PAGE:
What’s In A Name? Understanding Food Labels

Whether consumer or producer driven, terms or labels are a major part of navigating today’s food systems. Part of the Societal Impact on Food Systems course taught by Ruth MacDonald, professor and chair of the Department of Food Science and Human Nutrition, and Cheryll Reitmeier, professor and associate chair of food science and human nutrition, is understanding terminology used to describe food. The following examples were used in the class last spring.

Genetic modification – Changing the genes of an organism by insertion or deletion, usually for some sort of possible benefit to the survival of the organism.

Natural – Products labeled “natural” cannot contain any artificial flavor or flavoring, coloring ingredient, chemical preservative or any other articial or synthetic ingredient; and the product and its ingredients are not more than minimally processed (ground, for example). All fresh meat qualifies as “natural.” All products claiming to be natural should be accompanied by a brief statement which explains what is meant by the term “natural.” USDA does not regulate use of the term “natural.” (Source: USDA)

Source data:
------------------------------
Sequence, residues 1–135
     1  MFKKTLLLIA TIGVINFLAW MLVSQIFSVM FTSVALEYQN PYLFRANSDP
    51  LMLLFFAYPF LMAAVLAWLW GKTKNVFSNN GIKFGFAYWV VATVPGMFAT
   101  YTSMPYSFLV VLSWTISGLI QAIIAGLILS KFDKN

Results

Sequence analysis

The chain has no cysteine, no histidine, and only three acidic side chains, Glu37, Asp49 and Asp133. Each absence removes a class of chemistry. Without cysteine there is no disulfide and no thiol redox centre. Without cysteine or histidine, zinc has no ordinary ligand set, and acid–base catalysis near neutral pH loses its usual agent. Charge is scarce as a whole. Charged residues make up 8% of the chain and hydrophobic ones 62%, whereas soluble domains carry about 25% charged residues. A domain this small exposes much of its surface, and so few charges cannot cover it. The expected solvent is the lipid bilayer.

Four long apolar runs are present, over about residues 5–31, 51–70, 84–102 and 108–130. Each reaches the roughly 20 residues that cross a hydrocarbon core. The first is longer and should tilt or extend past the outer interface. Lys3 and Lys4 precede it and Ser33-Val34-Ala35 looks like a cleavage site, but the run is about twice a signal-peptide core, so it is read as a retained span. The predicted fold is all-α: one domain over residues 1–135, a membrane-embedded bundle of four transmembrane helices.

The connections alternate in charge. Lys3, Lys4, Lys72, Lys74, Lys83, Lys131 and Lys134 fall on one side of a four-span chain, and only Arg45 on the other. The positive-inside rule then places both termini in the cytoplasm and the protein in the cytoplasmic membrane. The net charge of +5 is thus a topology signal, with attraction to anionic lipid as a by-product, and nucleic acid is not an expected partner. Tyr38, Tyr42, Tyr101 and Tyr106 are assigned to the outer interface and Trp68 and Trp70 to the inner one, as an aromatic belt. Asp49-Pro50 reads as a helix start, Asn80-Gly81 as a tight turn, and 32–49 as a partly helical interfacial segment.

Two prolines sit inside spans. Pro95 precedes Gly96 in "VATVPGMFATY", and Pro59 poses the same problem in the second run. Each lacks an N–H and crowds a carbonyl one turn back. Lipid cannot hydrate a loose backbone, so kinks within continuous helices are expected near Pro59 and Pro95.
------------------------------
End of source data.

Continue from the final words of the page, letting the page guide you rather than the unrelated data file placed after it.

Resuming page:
Organic – Organic production is a system that is managed in accordance with the Organic Foods Production Act and regulations in the Code of Federal Regulations to respond to site-specic conditions by integrating cultural, biological and mechanical practices that foster cycling of resources, promote ecological balance and conserve biodiversity. The National Organic Program develops, implements and administers national production, handling and labeling standards. (Source: USDA)

Local – Obtaining food from within some set distance of one’s location. Some define as anything that can be transported to the location in one day or less.

Nutraceutical – Created from the words “nutrition” and “pharmaceutical” meaning a food (or a supplement) that may provide medical or health benets, including the prevention and/or treatment of a disease (Source: American Association of Pharmaceutical Scientists)

Whole food – Loosely defined as a food which has undergone as little processing as possible, or that is in as close to a natural state as possible.